Over the years, as a design editor I wrote articles on homes decorated by Bobbye Goldburg and her husband David. I never expected to write about Bobbye’s funeral.
The best I can say about the service last Wednesday: it was simple and beautiful, as Bobbye would have wanted. Daughters Gretchen (Klein) and Lindsey collaborated on remarks. Gretchen, who talked to her mom “50 times a day,” delivered them. “I can’t believe I’m writing Mom’s eulogy without her help,” she said.
The saddest I can say: I can’t call Bobbye to tell her how proud she’d have been.
(Gretchen mentioned small things about her mom she’d miss. Post it notes bearing smiley faces with a bow on top, Refolding of napkins after dinner. Johnny Mathis, Chocolate chip pancakes.
She said, “Like most girls, I grew up determined not to become my mother. I’m beginning to think turning out like my mom might be okay. Mom had it all. She loved beauty. She created beauty. She was surrounded by beauty.”
About Gretchen’s remarks (delivered and received through copious tears), Rabbi Daniel Syme said, “According to Jewish tradition, words that come from the heart touch the hearts of all who hear them.”
Rabbi Syme talked about how Bobbye and David worked together, collected art together, visited museums together. And about what a fine caregiver David was during the 18 years Bobbye fought breast cancer.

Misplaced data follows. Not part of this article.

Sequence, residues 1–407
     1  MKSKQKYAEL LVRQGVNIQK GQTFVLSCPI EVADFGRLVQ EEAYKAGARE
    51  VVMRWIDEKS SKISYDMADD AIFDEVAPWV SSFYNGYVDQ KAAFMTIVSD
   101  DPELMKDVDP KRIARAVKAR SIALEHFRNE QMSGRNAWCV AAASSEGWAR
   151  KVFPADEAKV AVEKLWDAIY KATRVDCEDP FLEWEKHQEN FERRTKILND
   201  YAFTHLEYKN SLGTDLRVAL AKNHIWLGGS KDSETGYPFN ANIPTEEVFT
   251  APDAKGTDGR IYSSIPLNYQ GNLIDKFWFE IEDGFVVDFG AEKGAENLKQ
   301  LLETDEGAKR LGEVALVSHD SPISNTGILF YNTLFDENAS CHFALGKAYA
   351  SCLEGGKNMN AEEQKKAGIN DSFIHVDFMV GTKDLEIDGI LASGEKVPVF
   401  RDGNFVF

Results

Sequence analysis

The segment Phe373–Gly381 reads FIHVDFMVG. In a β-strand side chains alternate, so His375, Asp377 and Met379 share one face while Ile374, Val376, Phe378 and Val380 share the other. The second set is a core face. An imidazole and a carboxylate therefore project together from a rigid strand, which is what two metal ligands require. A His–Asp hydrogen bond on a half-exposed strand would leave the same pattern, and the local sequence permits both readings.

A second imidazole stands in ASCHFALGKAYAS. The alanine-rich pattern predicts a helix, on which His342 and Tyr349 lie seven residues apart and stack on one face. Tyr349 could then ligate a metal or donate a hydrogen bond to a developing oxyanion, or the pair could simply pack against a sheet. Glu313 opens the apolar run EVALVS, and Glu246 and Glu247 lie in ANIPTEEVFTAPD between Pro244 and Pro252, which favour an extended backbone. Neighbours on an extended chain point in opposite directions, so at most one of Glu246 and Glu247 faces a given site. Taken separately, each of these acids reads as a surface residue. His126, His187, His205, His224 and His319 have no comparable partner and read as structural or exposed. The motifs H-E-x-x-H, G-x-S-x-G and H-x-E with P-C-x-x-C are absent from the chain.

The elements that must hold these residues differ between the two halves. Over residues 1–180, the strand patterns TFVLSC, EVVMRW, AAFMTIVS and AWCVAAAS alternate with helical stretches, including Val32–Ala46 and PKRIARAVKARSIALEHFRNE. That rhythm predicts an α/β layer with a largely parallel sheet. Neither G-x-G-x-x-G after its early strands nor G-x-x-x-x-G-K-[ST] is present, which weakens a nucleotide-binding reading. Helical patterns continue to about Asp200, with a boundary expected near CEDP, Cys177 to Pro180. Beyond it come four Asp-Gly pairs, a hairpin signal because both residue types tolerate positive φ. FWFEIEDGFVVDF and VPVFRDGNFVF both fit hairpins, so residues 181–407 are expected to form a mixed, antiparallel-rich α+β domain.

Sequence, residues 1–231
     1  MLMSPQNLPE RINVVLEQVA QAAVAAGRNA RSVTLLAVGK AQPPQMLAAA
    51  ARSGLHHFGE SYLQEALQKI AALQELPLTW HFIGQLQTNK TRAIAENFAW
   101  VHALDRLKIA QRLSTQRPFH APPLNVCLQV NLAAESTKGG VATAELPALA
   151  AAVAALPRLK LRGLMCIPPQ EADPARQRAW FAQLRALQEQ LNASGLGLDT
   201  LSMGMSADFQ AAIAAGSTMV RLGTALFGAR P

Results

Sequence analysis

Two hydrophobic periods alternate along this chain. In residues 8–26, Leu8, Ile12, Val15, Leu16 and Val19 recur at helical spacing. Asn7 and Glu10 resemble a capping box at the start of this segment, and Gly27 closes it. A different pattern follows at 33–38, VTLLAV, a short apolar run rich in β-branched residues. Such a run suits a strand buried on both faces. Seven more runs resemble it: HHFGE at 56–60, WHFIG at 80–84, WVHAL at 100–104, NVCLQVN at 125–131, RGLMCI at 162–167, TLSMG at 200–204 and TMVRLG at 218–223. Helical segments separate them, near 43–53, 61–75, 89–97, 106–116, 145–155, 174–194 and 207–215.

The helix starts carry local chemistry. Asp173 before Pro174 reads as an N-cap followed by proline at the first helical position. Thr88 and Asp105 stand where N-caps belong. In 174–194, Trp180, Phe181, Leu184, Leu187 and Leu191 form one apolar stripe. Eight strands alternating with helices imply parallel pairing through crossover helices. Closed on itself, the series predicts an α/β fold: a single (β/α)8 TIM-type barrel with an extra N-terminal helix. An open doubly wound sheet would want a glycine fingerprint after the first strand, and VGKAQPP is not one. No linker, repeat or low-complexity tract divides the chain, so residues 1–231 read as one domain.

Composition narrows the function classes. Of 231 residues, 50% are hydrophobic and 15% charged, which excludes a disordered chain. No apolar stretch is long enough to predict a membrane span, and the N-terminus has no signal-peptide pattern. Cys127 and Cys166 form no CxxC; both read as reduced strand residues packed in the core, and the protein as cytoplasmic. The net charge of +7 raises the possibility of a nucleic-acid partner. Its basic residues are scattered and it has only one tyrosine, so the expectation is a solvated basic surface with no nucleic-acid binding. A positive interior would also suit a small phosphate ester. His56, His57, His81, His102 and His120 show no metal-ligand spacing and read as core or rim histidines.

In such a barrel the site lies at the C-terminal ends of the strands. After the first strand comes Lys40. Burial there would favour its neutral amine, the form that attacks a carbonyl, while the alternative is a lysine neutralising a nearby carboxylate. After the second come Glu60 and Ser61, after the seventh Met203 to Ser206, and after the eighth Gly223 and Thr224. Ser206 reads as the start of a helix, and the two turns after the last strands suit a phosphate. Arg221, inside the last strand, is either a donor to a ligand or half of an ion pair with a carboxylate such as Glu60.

Personal boast: Bobbye and I have been friends since age 6. We lived across the street from each other and went to the same schools. Our first jobs were in Chicago. I wrote ads for Carson Pirie Scott. Bobbye worked for the prestigious architecture/design firm Skidmore Owings & Merrill. After lunch one day as we walked back to work, we spotted a good-looking young man in a trench coat.
She said, “That’s the new guy in the office.”
I said, “He looks like your type.”
They were married for 46 years.
Rabbi Syme spoke of Bobbye’s love for grandsons Nate, almost 9, and Charlie, 5. They called her “B.” Nate sleeps with a ragged stuffed bunny. His mom bought back-up bunnies to be sure spare parts were available. The rabbi said that during the last week of Bobbye’s life, though short of breath and debilitated, Bobbye spent an entire day sewing Bunny back into shape.
In closing, Rabbi Syme said Charlie had asked if he could see B’s soul. “Not with your eyes,” he responded. “But surely with your heart.”
Several of Bobbye’s girlfriends followed her casket down the aisle. Zina Kramer said, “That’s the longest 100 yards I ever walked.”
R.I.P., dear friend.